There's something so terribly wrong about this: Oxford High School, a school in Calhoun County, Ala., prom dress codes are strictly enforced. Some
April 29, 2010

There's something so terribly wrong about this:

Oxford High School, a school in Calhoun County, Ala., prom dress codes are strictly enforced. Some say too strictly. This year, the Anniston Star reports that 25 students were disciplined for violating the prom dress code. The strangest part of the story, though, is that the students were allowed to stay at the prom, but the following week, they had to choose the option of receiving corporal punishment (by paddling) or a three-day suspension.

Keep in mind, these are seniors in high school. While I wouldn't be wearing the dress in the video, I wouldn't view it as too short or too low cut for a prom, but that's almost beside the point.

Dress code or not, if any school principal laid a finger on my high school daughter -- or a paddle, for that matter -- I would yank her out of that school so fast heads would spin. Yes, I know they get around it by saying there's a choice for a 3-day suspension, but I also know that a 3-day suspension can really screw up grades and standing records, especially in one's senior year. My high school sophomore daughter would be mortified at being punished for what she chose to wear to a school dance.

What message does paddling send to students, anyway? I don't see a deterrent effect when 25 kids are cited and punished for clothes their parents let them wear to a formal occasion despite the long-standing paddling policy. It just seems...bizarre.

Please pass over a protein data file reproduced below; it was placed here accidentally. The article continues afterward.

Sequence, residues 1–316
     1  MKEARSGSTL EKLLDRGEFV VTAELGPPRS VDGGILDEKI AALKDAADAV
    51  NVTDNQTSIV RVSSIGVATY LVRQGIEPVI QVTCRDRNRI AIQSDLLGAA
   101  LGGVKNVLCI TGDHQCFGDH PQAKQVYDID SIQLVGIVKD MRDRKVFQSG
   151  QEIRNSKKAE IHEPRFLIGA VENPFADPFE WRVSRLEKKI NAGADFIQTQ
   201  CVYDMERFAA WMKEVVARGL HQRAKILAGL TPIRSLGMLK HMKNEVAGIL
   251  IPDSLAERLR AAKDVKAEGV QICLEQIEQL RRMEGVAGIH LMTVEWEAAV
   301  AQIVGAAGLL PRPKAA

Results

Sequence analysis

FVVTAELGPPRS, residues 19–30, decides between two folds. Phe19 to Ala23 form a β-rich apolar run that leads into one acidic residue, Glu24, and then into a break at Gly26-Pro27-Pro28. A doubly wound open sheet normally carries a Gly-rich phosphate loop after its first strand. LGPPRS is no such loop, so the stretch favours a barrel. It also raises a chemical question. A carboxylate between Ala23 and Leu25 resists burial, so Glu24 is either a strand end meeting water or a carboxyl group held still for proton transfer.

In a day and age where schools seek parental involvement, what message is intended for parents when their son or daughter is paddled or suspended for choosing to wear something which received approval, whether tacit or outright? As a parent, I'm not going to be inclined to jump into the midst of a maelstrom of volunteerism at a school where the principal just paddled (or suspended) my almost-adult child.

I haven't even touched on the more obvious reasons why this arcane and stupid policy should die, like the obvious weirdness of administering physical blows to a student who is months away from living in an adult world where we don't "paddle" one another. Or the idea of using violence to teach lessons. Or even just the vaguely kinky sexual undertones. Or the fact that the principal is white and the student they interviewed was black.

Yes, I know it's Alabama. That's no excuse. People who are raised in Alabama do have to live in society like the rest of us. The idea of paddling any of these kids leaves me feeling a little creeped out and slimed.

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